Speaker Series

Spring 2020

When:
One Monday each month (during the academic year), 12:00-1:30 pm (see below for specific dates)


Where:
See below for details


Directions

The ESS Speaker Series hosts presentations by scholars exploring evolutionary perspectives from an interdisciplinary framework. Our speakers span the full spectrum of the sciences and the humanities, including biology, neuroscience, psychology, anthropology, economics, history, philosophy, and literature.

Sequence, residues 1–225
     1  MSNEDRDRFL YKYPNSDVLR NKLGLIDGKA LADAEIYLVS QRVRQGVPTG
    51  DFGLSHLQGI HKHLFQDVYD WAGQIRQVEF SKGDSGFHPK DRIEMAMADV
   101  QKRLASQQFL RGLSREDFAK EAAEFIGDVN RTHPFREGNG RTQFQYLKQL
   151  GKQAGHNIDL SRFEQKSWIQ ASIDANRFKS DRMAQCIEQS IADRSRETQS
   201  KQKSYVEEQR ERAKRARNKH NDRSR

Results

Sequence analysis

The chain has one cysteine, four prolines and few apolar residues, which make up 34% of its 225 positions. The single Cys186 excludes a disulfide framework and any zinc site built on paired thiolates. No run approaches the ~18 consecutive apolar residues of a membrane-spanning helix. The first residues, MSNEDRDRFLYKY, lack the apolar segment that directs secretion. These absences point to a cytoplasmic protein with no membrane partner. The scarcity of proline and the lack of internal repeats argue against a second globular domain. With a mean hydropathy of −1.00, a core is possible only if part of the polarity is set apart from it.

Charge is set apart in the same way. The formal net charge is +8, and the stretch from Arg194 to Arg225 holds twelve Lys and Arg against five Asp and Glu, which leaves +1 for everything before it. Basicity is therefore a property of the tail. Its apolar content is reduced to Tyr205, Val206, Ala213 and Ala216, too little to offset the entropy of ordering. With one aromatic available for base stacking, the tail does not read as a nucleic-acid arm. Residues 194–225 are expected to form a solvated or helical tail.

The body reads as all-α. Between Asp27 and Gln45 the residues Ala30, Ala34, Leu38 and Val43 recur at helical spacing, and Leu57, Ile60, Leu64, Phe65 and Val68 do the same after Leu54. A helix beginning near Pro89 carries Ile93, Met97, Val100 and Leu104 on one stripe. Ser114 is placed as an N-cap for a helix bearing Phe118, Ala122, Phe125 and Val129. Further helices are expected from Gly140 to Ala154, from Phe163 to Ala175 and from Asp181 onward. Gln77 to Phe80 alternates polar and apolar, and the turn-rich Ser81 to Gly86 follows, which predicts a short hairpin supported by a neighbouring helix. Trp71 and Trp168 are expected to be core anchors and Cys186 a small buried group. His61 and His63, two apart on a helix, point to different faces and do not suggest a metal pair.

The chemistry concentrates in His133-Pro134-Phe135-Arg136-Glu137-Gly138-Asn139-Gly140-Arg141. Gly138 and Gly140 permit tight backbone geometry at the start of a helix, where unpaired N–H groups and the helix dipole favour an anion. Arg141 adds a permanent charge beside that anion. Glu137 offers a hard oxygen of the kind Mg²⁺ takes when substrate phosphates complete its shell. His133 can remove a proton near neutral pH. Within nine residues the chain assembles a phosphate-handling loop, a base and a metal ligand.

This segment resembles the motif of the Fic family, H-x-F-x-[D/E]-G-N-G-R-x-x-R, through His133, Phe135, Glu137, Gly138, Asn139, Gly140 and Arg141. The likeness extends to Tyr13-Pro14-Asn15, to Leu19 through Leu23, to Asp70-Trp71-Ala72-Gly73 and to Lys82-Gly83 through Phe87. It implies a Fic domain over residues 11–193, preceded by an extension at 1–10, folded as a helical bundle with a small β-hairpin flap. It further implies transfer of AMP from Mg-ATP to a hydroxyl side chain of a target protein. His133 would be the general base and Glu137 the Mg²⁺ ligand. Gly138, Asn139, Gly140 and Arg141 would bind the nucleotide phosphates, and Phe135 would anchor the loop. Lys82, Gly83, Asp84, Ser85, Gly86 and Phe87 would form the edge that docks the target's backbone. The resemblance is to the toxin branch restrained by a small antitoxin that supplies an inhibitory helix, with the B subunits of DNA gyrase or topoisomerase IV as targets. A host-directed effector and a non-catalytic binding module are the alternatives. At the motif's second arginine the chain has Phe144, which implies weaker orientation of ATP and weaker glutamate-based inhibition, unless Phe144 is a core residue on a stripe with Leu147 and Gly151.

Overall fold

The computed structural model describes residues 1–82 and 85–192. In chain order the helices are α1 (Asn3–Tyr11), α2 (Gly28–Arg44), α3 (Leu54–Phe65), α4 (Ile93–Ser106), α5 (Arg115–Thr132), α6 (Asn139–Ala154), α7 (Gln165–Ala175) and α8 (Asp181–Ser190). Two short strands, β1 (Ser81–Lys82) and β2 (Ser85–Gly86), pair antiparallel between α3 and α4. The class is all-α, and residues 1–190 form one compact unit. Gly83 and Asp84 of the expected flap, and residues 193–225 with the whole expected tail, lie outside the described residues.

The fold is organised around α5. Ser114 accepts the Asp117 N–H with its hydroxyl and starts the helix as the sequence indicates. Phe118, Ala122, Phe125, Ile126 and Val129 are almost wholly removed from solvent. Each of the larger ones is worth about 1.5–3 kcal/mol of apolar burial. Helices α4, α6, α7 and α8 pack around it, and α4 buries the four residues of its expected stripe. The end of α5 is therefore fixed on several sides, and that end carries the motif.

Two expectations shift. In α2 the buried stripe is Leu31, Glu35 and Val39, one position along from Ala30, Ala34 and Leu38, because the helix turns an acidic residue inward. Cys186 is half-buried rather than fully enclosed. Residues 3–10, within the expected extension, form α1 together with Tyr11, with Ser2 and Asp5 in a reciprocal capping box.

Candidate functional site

While presentations are aimed at a professional audience of faculty and graduate students, interested undergraduates and members of the public are welcome too.

Speakers

  • Pete Richerson
  • 02-10-2020
  • Pete Richerson
  • UC Davis
  • Why Humans Evolve in the Pleistocene and Our Complex Economies in the Holocene?
  • 171 Bond Life Sciences Center